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Helen Moran is thirty-two years old, single, childless, college-educated, and partially employed as a guardian of troubled young people in New York. She’s accepting a delivery from IKEA in her shared studio apartment when her uncle calls to break the news: Helen’s adoptive brother is dead.
Helen knows what she must do, and purchases a one-way ticket to Milwaukee. There, as she searches her childhood home and attempts to uncover why someone would choose to die, she will face her estranged family, her brother’s few friends, and the overzealous grief counselor Chad Lambo; she may also discover what it truly means to be alive.
A bleakly comic debut that’s by turns poignant, uproariously funny, and unsettling, Sorry to Disrupt the Peace has shades of Bernhard, Beckett and Bowles—and it announces the singular voice of Patty Yumi Cottrell.
‘[Cottrell’s] voice is unflinching, unforgettable, and animated with a restless sense of humor.’
‘This book is not a diversion—it’s a lifeline.’
‘Intelligent and mysterious and funny, Patty Yumi Cottrell’s Sorry to Disrupt the Peace moves so mesmerizingly towards its blazingly good ending. One is tempted to read it as quickly as possible. But really, it is a book that should be read slowly, as some of its deepest pleasures lie in the careful observations, the witty prose, and just the book’s really wonderful gaze on city life, and actually, on all life. This is a stunning debut.’
‘A sort of Korean-American noir, lean and wry and darkly compelling, I respectfully suggest you read her now.’
‘Patty Yumi Cottrell’s prose does so many of my favorite things–some too subtle to talk about without spoiling, but one thing I have to mention is the way in which her heroine’s investigation of a suicide draws the reader right into the heart of this wonderfully spiky hedgehog of a book and then elbows us yet further along into what is ultimately a tremendously moving act of imagination.’
‘Sorry to Disrupt the Peace had me opening my mouth to laugh only to feel sobs come tumbling out. It’s absurd, feeling so much at once, but it’s a distinctly human absurdity that Patty Yumi Cottrell has masterfully created in this book. In the end I felt ebullient and spent, grateful to be reminded that life is only funny and gorgeous because life is also strange and sad.’
‘Grief takes an unnerving path through a singular mind in Sorry to Disrupt the Peace. Beckett fans will find a familiar, but Patty Yumi Cottrell’s voice is her very own.’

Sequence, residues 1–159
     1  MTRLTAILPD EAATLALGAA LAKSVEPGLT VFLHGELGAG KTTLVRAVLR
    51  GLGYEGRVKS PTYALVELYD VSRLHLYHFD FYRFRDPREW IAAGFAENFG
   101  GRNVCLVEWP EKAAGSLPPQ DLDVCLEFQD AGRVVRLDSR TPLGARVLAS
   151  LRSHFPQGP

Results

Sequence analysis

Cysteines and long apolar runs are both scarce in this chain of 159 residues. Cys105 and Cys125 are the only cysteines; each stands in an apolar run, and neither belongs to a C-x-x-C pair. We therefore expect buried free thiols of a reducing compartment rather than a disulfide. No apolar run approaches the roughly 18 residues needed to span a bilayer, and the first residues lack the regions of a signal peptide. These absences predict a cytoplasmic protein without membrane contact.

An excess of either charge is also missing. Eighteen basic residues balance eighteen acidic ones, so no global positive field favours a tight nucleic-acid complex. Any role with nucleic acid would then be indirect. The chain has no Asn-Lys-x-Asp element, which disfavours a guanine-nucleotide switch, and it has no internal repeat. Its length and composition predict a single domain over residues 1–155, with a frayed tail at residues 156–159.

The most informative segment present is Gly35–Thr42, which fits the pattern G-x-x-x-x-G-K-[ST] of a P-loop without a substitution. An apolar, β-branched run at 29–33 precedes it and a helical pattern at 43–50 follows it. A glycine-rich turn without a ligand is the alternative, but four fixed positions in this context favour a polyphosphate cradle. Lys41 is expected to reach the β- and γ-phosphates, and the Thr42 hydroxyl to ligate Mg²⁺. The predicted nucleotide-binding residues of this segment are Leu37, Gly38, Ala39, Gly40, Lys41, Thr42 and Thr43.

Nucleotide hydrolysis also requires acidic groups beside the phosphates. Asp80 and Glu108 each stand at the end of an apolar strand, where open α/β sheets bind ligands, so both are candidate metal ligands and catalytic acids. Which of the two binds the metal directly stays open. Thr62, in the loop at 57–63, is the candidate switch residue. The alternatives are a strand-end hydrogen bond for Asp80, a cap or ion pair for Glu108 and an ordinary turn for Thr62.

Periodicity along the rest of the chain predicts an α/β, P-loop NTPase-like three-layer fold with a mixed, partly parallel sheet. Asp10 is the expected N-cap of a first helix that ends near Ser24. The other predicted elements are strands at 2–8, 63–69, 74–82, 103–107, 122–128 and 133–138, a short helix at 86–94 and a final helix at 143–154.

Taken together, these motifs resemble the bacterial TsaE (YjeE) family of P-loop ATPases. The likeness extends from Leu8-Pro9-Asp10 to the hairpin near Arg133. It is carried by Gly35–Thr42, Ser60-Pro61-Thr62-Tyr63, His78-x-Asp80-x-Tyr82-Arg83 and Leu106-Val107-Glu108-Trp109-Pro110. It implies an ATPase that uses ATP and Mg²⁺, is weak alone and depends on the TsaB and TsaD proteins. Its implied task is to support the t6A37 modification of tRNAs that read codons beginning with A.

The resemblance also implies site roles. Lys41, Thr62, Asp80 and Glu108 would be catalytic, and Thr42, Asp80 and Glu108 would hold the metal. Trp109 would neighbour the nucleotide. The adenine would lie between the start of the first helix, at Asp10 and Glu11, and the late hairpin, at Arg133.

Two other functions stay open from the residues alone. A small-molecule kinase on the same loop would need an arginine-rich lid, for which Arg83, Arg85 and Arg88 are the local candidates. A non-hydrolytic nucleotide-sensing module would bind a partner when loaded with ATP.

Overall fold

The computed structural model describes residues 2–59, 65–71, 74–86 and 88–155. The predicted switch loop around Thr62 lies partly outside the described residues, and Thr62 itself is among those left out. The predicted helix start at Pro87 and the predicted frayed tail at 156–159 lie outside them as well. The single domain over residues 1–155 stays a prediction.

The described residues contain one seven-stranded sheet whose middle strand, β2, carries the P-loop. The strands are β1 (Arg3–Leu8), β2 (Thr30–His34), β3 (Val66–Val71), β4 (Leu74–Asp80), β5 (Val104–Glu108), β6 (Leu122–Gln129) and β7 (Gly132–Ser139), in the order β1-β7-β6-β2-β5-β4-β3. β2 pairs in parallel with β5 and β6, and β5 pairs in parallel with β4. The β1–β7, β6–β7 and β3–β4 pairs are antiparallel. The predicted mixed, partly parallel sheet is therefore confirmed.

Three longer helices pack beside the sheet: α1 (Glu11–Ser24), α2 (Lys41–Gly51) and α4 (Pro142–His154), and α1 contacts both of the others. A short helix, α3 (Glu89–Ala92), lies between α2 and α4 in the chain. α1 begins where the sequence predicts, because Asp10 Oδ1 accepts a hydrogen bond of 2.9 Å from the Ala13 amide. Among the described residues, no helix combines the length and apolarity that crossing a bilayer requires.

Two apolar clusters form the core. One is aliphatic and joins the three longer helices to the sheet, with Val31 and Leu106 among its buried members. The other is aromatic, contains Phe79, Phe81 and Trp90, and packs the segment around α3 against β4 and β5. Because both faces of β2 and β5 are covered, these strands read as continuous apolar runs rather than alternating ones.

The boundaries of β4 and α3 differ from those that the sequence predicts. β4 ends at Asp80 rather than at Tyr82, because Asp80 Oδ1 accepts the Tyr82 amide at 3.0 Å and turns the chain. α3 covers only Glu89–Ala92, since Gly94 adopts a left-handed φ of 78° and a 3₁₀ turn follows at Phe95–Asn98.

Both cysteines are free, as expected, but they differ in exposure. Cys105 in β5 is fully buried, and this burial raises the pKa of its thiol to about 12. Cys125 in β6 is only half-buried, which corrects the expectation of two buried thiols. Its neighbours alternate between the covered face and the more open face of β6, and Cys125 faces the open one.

‘Behind every suicide, there is a door.’ So says Helen, aka Sister Reliability, aka ‘spinster from a book,’ who is determined to open the door behind her adoptive brother’s recent death. Her search takes her from a studio apartment in NYC to a childhood home in Milwaukee, and yet the investigation is as philosophical as it is practical, as was, perhaps, the death itself. Patty Yumi Cottrell’s Sorry to Disrupt the Peace is a beguiling debut: absurdly funny, surprisingly beautiful, and ultimately sad as fuck.’
‘Cottrell gives Helen the impossible task of understanding what would drive another person to suicide, and the result is complex and mysterious, yet, in the end, deeply human and empathetic.’
‘A bleakly funny comic tour de force that’s by turns poignant, uproariously funny, and viscerally unsettling.’
‘A singular voice.’
‘Poignant, unsettling and funny.’
‘Patty Yumi Cottrell’s remarkable debut Sorry to Disrupt the Peace possesses something of the deadpan strangeness of Jane Bowles’s Two Serious Ladies, yet the book is electrifying in its freshness…The result is a sort of existential detective hunt—equal parts hilarious and heartbreaking.’
‘Cottrell’s Sorry to Disrupt the Peace is animated by the humour, heart and sheer doggedness of Helen’s narrative voice. She’s a wonderfully layered and conflicted character—brilliant but unhinged, erratic but deeply empathetic—and the author brings her to life in a way that is as vivid and fully imagined as it is entertaining.’
‘Cottrell opens the door into an alternative kind of existence, and to characters who may not usually be foregrounded. An addictive and darkly entertaining new writer.’
‘Sorry to Disrupt the Peace is a book without the grace and consolation sought and sometimes found in the literature of the bereaved. In their place, the disquieting, ungainly and unresolved are pushed to the fore, with often haunting results…Some novels thrive on plot and others on voice, and this one is all voice: a totalising, inescapable concoction of lurching, woozy, abrasive glory…It’s a tough read at times, but a necessary one.’